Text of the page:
Gabriel Levinson recently founded a new publishing house, ANTIBOOKCLUB, and one of their first two books — surprisingly, I think — is a work of Arabic literature in translation. I asked Levinson why, when — after all — conventional wisdom says that translated literature is more trouble than it’s worth.
ArabLit: What was the impetus behind starting ANTIBOOKCLUB? Why translated literature?
Gabriel Levinson: My entire life revolves around books, it always has, it always will. There isn’t a waking or sleeping moment that I am not reading or thinking about what to read next. Over the years I have had my hand in every aspect of the book world: be it bookselling, editing, writing, design, distribution, etc…so for me, book publishing is the next natural step. This is it, I have finally come home.
There are three publishers in particular that have been profound influences on me as a reader, and of whom I look to as a model of how I am shaping ANTIBOOKCLUB: Barney Rosset (Grove Press/Evergreen Review), James Laughlin (New Directions), and John Martin (Black Sparrow Press). These are three of the most iconic, important and fearless American presses in the history of publishing, and, coincidentally or not, all three of those presses lean heavy on translated literature. I’ve no doubt their catalog opened my world to translated literature but I would be remiss to say that is the only reason.
We are living in an unprecedented time in world history: we are globally-connected to one another at the touch of a button; someone halfway across the world can learn about our books as quick and easy as my neighbor one house over. To not consider translated literature for our catalog would be ignorant…and arrogant for that matter. We are nothing without our readers, and our readers, we believe, can be found in every city around the world. We would be doing a disservice to our readership by limiting our work to English-language writers. And with the same consideration, this is why we are not pigeonholing our output: I will publish the work that gets me excited as a reader, simple as that. You are going to see books of all kinds from us: from translated literature to graphic novels to memoirs and on and on. Book categories are marketing tools, not definitions.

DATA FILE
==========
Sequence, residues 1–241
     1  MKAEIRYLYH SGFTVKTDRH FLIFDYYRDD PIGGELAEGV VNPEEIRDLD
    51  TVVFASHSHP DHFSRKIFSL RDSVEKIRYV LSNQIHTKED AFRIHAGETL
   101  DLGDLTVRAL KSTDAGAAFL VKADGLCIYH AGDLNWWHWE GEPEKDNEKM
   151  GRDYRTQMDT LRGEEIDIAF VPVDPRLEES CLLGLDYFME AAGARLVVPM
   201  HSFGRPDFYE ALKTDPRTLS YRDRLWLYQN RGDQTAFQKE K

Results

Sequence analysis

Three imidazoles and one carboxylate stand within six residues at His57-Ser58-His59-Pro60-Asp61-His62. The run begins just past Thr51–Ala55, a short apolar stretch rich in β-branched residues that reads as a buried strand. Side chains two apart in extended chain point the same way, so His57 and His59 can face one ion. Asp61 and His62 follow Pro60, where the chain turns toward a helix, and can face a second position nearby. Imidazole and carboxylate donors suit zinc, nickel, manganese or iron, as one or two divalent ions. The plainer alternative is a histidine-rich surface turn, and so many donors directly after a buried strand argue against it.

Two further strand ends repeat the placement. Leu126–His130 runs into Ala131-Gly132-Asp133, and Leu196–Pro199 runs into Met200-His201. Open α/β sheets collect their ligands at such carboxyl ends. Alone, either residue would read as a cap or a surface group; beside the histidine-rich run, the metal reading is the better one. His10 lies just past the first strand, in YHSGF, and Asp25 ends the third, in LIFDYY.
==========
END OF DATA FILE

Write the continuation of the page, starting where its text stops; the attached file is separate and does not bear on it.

ANTIBOOKCLUB is here, in part, because I believe there is a better way to get books into peoples’ hands. Ebooks and ereaders are not to blame for market upheaval, nor are they the killers of the printed word. Ebooks are a new revenue stream and a new way to get books into peoples’ hands, we should all be rejoicing, not denouncing. Yet there are some out there that would have us believe otherwise, and the media has been quick to share their viewpoints. Personally, I think the problem lies within the industry itself: stop blaming the medium and start making true change from within, beginning with distribution. This antiquated model is done with. The current distribution model in the publishing industry is hurtful to independent presses such as ANTIBOOKCLUB, we are funded entirely out of pocket, we can’t afford to lose a majority percentage of our sales to a distributor, especially when our authors see revenue from book sales (as do we). It is actually killing our potential and in today’s connected world, they are unnecessary. To be fair, distributors themselves are not to blame; it is also the booksellers who insist on sticking with this model. I personally reached out to hundreds and hundreds of bookstores to sell our first title to, and while there were a handful of progressive booksellers who stocked us (of whom I am eternally grateful to), the majority rule was: “If you’re not with a distributor, then we won’t even consider you.” OK, so I get with a distributor and then what? “Oh, we don’t have an account with that distributor.” OK, so you won’t buy my books direct and as an independent press I am limited in the distributors who are willing to take us on…What a stupid, needless struggle!